MELANIE GESY NEWS
Did the CRA send you an notice of audit?
Some things you should know.
What Happens When You Get Audited?
Tax audits can be a daunting prospect for anyone, regardless of their country of residence. In Canada, the Canada Revenue Agency (CRA) is responsible for administering tax laws and ensuring compliance. While most taxpayers never face an audit, it's important to understand the process and what to expect should you find yourself in this situation. Here are a few things that happen when you get a Canadian tax audit, providing insights and guidance to help ease your concerns.
When the CRA selects you for an audit, they will typically notify you by mail or phone. This initial contact will outline the reason for the audit and provide instructions on how to proceed. It's crucial to respond promptly and provide the requested information within the specified timeframe. Pay attention to all deadlines that are provided. If you miss their deadline they have the right to reassess you without seeing anything.
The next step in the audit process involves collecting and organizing the relevant documents and records. These may include income statements, expense receipts, bank statements, invoices, and any other supporting documentation. Thorough preparation and documentation can help streamline the audit process and demonstrate your compliance.
Field Audit or Desk Audit:
The CRA conducts tax audits in two ways: field audits and desk audits. A field audit involves an auditor visiting your place of business or residence to review your records onsite. On the other hand, a desk audit is conducted remotely, with the CRA requesting you to submit your documents by mail or electronically. The CRA will inform you of which type of audit applies to your case.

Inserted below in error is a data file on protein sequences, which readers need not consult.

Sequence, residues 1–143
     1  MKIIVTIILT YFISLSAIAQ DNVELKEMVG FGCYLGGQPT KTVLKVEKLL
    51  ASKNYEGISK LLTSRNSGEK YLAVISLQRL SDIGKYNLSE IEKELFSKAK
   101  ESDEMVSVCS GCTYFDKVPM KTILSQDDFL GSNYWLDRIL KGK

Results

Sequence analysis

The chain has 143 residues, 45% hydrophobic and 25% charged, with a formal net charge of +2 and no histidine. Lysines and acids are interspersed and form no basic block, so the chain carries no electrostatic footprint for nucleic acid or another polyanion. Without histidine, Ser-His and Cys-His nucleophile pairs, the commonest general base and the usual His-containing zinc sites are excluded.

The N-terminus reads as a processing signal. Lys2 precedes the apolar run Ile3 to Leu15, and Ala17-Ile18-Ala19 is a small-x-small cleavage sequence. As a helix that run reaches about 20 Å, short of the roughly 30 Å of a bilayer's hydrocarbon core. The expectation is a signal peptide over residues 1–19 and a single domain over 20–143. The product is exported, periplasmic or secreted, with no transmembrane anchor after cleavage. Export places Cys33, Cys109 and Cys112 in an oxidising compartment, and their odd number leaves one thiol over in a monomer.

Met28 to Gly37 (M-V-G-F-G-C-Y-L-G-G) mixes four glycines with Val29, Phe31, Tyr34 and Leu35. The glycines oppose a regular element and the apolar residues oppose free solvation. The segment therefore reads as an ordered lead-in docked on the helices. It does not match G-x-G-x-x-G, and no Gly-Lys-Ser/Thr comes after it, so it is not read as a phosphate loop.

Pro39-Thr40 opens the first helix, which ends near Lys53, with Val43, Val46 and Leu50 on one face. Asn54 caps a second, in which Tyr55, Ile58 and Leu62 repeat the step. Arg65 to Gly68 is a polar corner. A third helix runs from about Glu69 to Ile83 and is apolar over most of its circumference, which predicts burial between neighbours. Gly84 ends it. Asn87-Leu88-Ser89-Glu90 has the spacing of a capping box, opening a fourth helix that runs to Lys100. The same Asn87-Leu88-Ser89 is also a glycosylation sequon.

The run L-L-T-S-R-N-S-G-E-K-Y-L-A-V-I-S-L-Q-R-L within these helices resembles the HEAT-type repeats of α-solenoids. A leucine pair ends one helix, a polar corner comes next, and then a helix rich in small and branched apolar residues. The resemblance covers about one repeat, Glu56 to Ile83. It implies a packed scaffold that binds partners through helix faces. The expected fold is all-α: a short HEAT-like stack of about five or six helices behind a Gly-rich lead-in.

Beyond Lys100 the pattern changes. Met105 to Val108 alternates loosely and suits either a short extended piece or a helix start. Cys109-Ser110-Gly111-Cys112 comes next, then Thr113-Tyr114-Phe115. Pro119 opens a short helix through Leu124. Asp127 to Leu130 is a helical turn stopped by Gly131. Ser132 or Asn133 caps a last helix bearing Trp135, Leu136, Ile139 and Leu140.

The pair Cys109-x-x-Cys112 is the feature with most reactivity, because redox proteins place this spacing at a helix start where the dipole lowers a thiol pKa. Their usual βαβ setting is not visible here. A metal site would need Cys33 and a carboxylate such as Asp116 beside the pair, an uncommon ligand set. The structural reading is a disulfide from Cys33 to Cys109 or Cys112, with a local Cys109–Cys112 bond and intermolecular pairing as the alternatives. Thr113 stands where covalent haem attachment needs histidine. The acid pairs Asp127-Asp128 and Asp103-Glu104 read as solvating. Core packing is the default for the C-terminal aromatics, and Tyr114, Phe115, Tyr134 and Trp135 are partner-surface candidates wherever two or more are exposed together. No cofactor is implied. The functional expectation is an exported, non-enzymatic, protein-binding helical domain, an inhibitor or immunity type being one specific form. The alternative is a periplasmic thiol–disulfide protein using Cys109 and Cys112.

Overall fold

During the audit, the CRA auditor will review your financial records, transactions, and any supporting documentation. They may seek clarification on certain items, request additional documents, or ask specific questions related to your tax return. It's essential to be cooperative and responsive during this process while maintaining accurate and transparent communication.
Assessment and Findings:
Once the audit is complete, the CRA auditor will provide you with a summary of their findings. They will indicate whether any adjustments are necessary, which may result in additional taxes owed, a refund, or no changes to your original tax return. If adjustments are proposed, you will have the opportunity to review and discuss them with the auditor.
If you disagree with the auditor's findings, you have the right to dispute them. This involves engaging in a formal appeals process, wherein you can present your case and provide any additional evidence or explanations to support your position. The appeals process provides an avenue for a fair resolution in case of disagreements.
Penalties and Interest:
In cases where the auditor determines that you have underreported your income or committed other tax-related errors, penalties and interest may apply. The CRA imposes penalties for late filing, failure to report income, negligence, or other non-compliance issues. Understanding the penalties and interest provisions can help you navigate the audit process more effectively.
Make sure to discuss the CRA audit request with your accountant before you give CRA any additional information.
While the idea of a tax audit may be intimidating, it's important to approach it with calm and preparedness. By understanding the Canadian tax audit process, gathering the necessary documentation, cooperating with the CRA, and seeking professional advice when needed, you can navigate through the audit process smoothly. Remember, audits are a means for the CRA to ensure compliance, and with proper preparation and compliance, you can mitigate potential issues and maintain your peace of mind.
For more information, visit the CRA website.
Disclaimer: The information provided in this blog is for general informational purposes only and should not be construed as legal or professional tax advice. It is advisable to consult with a tax professional or seek guidance from the Canada Revenue Agency for specific inquiries related to your tax situation.